Through the cross Joy has come into the World

Pascha is the highlight of my year. I love all the feasts, but Holy Week, when entered into fully, comes as near to heaven for me as I think something here can. As an Orthodox I have been blessed in being a member of three parishes: first St. Nicholas Russian in Bethlehem, PA; from there I went with my Fr. confessor, the Rev. Thomas Edwards, to a wonderful little parish in Glen Gardner, NJ, called St. Gregory Palamas; and upon Fr. Tom’s retirement from the pastorate (though he still has charge over my wayward soul), I took up life at an Antiochian parish about ten minutes from my house, St. Paul’s, Emmaus, PA. Each place was different in regard to the particulars of Holy Week services, and each has its positives (I don’t know of anything about any of them that I would say is a negative). But in all of them I found the reality that “Through the cross joy has come into the world.” It is not that Lent is a horrible time: it can be tedious as regards the fasting, but I always love the services, especially the Liturgy of the Presanctified Gifts. And I love the renewed energy in emphasizing the life of prayer. But coming at last to Bright Week, and to the joy of the resurrection, we can begin to see why Lent has taken the form it has: it has nothing to do so much with penitence, even though this is part of what Lent is. It has instead to do with the anticipation of our salvation, which we see so marvelously on the Vesperal Liturgy of St. Basil on Saturday morning, and of course the great Pascha service on Saturday night into Sunday morning. The joy one feels during and after the service is almost tactical, and certainly palpable.

The laments of the Virgin sung on Friday night, and then again at the Nocturnes of the resurrection, are not merely laments for Christ, but laments for us, for our status as wallowing in death, creatures who desire not life but death, and who are separated from the Life in God. Thus, while we can see why the Virgin bewails her Son, she bewails us fallen children of Adam and Even as well. In her lamentations, though, is also the promise of our future glory: “Do not lament Me of my mother, seeing me in the tomb, the Son conceived in the womb without seed, for I shall arise. and be glorified; and as God I shall unceasingly  exalt all those who extol thee in faith and love.”In this lament, we see also the promise or life eternal, and the tacit proclamation of the resurrection. You can see it in this video, taken at a service as one would find in the Slavonic tradition. Most Greek and Syrian churches would already have the icon of Christ entombed on the altar. But that is but a point of emphasis, and one I but slightly missed in last night’s service at St. Paul’s.

The more important point is that Christ has brought an end to lamentations, and in their place, through his cross, joy, wild joy.

It is with this that we come the procession. Leaving our laments and coming anew to the grave of Christ, where the priest intones the 24th Psalm, and with the opening of the door we here the angelic cry: “He is not hear, but He is Risen.” Yes, Christ is risen indeed, and through his passion upon the cross, joy has come into the world.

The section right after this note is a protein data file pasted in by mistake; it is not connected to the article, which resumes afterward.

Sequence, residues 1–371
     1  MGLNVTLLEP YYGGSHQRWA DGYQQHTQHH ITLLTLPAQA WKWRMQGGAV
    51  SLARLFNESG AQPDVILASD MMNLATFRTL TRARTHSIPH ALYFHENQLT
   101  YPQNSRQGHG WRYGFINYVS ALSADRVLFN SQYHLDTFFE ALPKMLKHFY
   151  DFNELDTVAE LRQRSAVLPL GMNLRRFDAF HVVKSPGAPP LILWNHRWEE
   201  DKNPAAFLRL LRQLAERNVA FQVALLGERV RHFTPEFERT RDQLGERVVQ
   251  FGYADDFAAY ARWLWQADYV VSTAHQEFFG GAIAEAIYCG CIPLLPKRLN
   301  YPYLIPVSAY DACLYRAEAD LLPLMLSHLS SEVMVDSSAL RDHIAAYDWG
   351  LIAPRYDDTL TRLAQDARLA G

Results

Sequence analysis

About Cyril Jenkins

Professor of History
This entry was posted in Uncategorized. Bookmark the permalink.

3 Responses to Through the cross Joy has come into the World

  1. Pingback: Orthodox Collective

  2. Athanasia says:

    This is very interesting for me to read and reflect upon having celebrated Pascha in a GOA parish. Of course, many ‘t’raditions were different. Unfortunately, I really didn’t know much of what was going on because of the lack of knowing Greek. No procession. No shouting with joy nor pounding on the door. If the choir sang ‘The Angel Cried’ I missed it entirely. Announcements and encyclicals being read between the end of Matins and the start of midnight Liturgy was curious.

    I loved the complete darkness being overcome with one lit candle at a time and the tradition of holding a lit candle through the entire service, then taking it home with you.

    The ‘tomb’ was beautifully decorated. They used an icon of the crucifixion on it instead of Christ in the tomb and it was not venerated. That may have been because of it location in the church. Also they decorated with red and white ribbons which was kinda cool, as was the large cross with grave wreaths in front of it.

    It is fascinating to see the different ways Pascha is celebrated in Orthodox churches. Thank goodness I knew most of what was going on in the Liturgy! LOL!

    Joyous Pascha my friend!

  3. Karen says:

    Amen!

    (Re: ‘t’raditions, I did also miss the pounding 3x on the doors of the church (representing Christ storming the gates of hell) and the use of Psalm 24 after the Paschal matins processional when we transferred from an Antiochian parish to an OCA.)

    Christ is risen!

Leave a Reply

Fill in your details below or click an icon to log in:

WordPress.com Logo

You are commenting using your WordPress.com account. Log Out / Change )

Twitter picture

You are commenting using your Twitter account. Log Out / Change )

Facebook photo

You are commenting using your Facebook account. Log Out / Change )

Google+ photo

You are commenting using your Google+ account. Log Out / Change )

Connecting to %s